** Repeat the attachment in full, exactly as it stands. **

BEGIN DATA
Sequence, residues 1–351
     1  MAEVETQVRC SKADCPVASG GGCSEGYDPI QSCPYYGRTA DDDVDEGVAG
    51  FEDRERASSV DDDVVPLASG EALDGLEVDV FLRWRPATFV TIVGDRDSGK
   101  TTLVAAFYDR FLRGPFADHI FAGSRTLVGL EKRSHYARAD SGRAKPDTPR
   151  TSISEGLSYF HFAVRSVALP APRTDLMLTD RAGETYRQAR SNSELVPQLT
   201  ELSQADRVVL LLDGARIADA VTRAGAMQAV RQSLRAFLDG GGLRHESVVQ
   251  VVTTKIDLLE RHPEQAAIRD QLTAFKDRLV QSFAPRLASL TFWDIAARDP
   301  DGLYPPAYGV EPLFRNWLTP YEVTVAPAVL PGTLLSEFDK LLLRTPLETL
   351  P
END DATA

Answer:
Sequence, residues 1–351
     1  MAEVETQVRC SKADCPVASG GGCSEGYDPI QSCPYYGRTA DDDVDEGVAG
    51  FEDRERASSV DDDVVPLASG EALDGLEVDV FLRWRPATFV TIVGDRDSGK
   101  TTLVAAFYDR FLRGPFADHI FAGSRTLVGL EKRSHYARAD SGRAKPDTPR
   151  TSISEGLSYF HFAVRSVALP APRTDLMLTD RAGETYRQAR SNSELVPQLT
   201  ELSQADRVVL LLDGARIADA VTRAGAMQAV RQSLRAFLDG GGLRHESVVQ
   251  VVTTKIDLLE RHPEQAAIRD QLTAFKDRLV QSFAPRLASL TFWDIAARDP
   301  DGLYPPAYGV EPLFRNWLTP YEVTVAPAVL PGTLLSEFDK LLLRTPLETL
   351  P